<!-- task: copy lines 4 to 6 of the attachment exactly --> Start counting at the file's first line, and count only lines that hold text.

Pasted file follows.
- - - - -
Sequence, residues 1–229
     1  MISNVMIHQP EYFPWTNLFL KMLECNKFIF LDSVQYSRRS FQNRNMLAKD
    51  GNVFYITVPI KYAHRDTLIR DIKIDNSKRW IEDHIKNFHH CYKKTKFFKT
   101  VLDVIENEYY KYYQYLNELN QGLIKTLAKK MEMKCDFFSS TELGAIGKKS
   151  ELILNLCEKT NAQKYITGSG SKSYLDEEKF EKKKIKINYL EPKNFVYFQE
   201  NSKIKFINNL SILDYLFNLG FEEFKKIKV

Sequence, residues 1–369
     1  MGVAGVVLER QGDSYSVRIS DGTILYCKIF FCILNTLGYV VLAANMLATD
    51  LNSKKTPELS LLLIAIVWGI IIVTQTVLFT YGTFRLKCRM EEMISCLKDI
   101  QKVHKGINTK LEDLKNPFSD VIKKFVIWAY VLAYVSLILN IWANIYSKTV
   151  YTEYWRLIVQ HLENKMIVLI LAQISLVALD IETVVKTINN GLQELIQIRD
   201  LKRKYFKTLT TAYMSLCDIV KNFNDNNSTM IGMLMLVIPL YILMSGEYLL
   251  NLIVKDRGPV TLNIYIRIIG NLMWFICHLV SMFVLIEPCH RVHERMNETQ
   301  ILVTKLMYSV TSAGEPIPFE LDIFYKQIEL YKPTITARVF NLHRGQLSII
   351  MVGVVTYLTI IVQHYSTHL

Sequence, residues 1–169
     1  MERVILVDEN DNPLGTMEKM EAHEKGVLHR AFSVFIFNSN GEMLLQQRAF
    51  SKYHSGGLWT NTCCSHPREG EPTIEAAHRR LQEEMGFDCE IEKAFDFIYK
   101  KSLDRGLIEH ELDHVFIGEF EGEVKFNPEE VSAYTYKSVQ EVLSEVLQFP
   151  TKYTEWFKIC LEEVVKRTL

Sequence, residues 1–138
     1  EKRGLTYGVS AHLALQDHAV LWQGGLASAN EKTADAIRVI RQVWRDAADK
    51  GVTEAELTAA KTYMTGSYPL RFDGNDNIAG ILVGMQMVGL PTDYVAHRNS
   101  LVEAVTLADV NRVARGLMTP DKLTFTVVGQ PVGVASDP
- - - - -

   101  VLDVIENEYY KYYQYLNELN QGLIKTLAKK MEMKCDFFSS TELGAIGKKS
   151  ELILNLCEKT NAQKYITGSG SKSYLDEEKF EKKKIKINYL EPKNFVYFQE
   201  NSKIKFINNL SILDYLFNLG FEEFKKIKV